The steamer appointed to tow you, having hoisted your pendants at the fore, waits till you hoist your own pendants in reply, to indicate that you are ready, and then takes up a position ahead. You then send your hauling-lines on board by which she hauls the towing hawsers in. A longer scope in a breeze than in a calm, is of course necessary; mats should be placed in the hawse-holes, the palls of the capstan all down, and bars swifted.

In a tideway, or in a breeze, the steamer first anchors ahead, and takes in and secures hawsers; the ship weighs, lastly, the steamer.

Should the breeze freshen and the sea get up, direct the steamer to veer a breaker astern, which hook and take in, that, in the event of a hawser parting, there may be no delay in hauling on board another.

When towing alongside, fore-an-aft springs should be passed in addition to the bow and quarter lashings; one hawser going from the after part of the ship to the fore part of the steamer, and the other reversely.

In May 1892, H.M.S. "Narcissus" towed H.M.S. "Shah," from Portsmouth to Bermuda; the latter ship had been dismantled, and everything except the lower masts taken out of her.

She was towed at the full length (150 fathoms) of two 6 inch wire hawsers.

Although the "Narcissus" was fitted with towing bollards on the main deck, it was considered best for various reasons to tow from the upper deck. The Conning Tower forward in the Gun Battery was selected to tow from. To make the hawsers fast, the "Narcissus" used 8 shackles of her own sheet cable 2 1/8 (inch). The cable was middled and a complete round turn taken around the Conning Tower, the ends of the cable being brought aft, and out through two fairleads built in on the quarter, and then shackled on to the end of the wire hawsers, a swivel piece being at the end of the cable; a Senhouse slip was introduced into each part of the cable on the quarter deck, the whole being arranged so as to ensure there being nearly a length of cable outside the ship.

To prevent rendering round the Conning Tower, and to hold the "Shah" if one hawser went, Blake stoppers were put on abaft the Conning Tower and lashed to securing bollards, wire seizings and lashings were also passed round the cables at the Conning Tower, and strong cross lashings just abaft. Planking was placed along the deck under the cable, also wood chocks, or stanchions faced with iron, were placed at the after battery doors, and round the Conning Tower to take the chafe, &c.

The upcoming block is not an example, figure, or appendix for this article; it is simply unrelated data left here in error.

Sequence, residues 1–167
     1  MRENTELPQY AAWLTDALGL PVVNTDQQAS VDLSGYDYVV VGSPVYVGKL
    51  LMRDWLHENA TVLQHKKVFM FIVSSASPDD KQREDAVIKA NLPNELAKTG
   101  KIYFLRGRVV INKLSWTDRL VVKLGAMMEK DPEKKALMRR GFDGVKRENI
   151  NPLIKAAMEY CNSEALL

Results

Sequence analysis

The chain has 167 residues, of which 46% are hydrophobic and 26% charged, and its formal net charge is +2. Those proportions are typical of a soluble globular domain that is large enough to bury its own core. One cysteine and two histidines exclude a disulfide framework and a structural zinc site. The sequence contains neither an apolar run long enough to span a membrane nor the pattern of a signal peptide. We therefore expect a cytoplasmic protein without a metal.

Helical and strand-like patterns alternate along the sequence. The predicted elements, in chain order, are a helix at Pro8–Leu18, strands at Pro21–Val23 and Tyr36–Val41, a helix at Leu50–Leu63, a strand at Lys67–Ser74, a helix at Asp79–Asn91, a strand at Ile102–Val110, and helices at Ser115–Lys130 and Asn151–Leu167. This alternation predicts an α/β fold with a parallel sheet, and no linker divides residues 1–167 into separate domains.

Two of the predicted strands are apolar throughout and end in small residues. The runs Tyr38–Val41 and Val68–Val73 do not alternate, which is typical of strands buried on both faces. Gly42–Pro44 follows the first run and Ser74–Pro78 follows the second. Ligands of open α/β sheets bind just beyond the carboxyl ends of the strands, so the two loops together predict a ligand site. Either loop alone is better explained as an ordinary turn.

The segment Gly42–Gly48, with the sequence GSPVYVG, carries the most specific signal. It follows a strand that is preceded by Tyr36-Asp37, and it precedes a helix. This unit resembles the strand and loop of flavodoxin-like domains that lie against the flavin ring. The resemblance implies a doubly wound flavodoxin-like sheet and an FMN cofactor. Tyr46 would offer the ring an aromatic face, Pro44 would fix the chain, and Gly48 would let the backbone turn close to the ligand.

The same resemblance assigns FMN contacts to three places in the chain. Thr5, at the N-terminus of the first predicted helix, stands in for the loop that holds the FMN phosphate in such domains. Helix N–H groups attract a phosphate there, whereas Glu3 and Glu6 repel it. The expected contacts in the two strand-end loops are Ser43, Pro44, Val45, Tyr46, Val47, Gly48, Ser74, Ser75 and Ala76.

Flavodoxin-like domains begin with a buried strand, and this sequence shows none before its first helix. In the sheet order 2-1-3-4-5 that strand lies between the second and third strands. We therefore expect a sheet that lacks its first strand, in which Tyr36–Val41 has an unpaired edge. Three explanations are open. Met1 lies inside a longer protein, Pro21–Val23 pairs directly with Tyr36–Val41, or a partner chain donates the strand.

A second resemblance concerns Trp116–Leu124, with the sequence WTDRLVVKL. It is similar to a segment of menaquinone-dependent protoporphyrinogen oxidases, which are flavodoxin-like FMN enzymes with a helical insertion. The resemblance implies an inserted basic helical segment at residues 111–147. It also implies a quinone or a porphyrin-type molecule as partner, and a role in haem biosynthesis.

In the "Shah", her two bower cables (2¼ inch) were double bitted on the main deck, compressors boused to &c., the ends then led forward through a hole cut in the upper deck (lined with iron), out through the bow gun ports, swivel pieces put on each end, and the wire hawsers shackled on, having about a shackle of each bower cable outside the hawse. Senhouse ships [sic] were introduced into the cable on the upper deck, to enable it to be shipped if necessary. Two spare 6 inch hawsers were supplied to the "Shah".

A crew to the "Shah" was supplied from the "Narcissus" consisting of 1 Lieutenant, 1 Sub-Lieutenant, 2 Warrant Officers, and 100 men.

The "Shah" was taken in tow at Spithead on the 10th May, the ships with the "Seahorse" in company arrived at Madeira on the 16th, coaled, and left again on the 19th without the "Seahorse", which ship returned to England; they arrived at Bermuda on the 31st May. To tow through the Narrows, only one hawser was used, and this shortened well up. Fair weather was experienced on the passage out.

561. A SHIP IN TOW OF ANOTHER. — When the ship ahead puts her helm down, to go round, the ship in tow puts her helm up, and always endeavours to keep directly in her leader's wake.

562. BOATS IN TOW. — Dismount the gun, and place it at the bottom of the boat amidships; shift the shot-boxes aft, and haul the boat close up under the stern — the closer the better. Tow with a hawser from each quarter, to keep her steady, and as a precaution in case one carries away. Reeve one through the shackle in the stem, take a turn round the standing thwart, and let a hand hold on to it, ready to ship in a moment; take the other also round the thwart, frapping it in slackly to the stem, (for if out on the bow, the boat would steer widely), and let it be similarly attended. Caution the cox[s]wain to be particularly careful about the steerage; call all out of the boat but these three hands, and see the hawsers parcelled in the nips.

Watch the boat yourself from the steamer, not leaving her for a moment, and acquaint the officer of the watch should the swell of the water rise up to the gunwale, that the steamer's speed may be slackened. If you see the water come over, do not wait till she buries herself, but give the order immediately to let go in the boat.

I had the misfortune once to be implicated in the loss of a pinnace that was stowed under, in a calm day, without a ripple on the water; and therefore know that you cannot be too careful.

In towing a light boat, reeve the tow-rope through the ring in the bow, and secure to the bolt in the keel. If secured forward, you run the risk of tearing the bows out of her.

Captain Alston's Seamanship, 1894. pp 404-407.

Transcribed by Lars Bruzelius

Sjöhistoriska Samfundet | The Maritime History Virtual Archives | Seamanship | Search.

Copyright © 1994 Lars Bruzelius.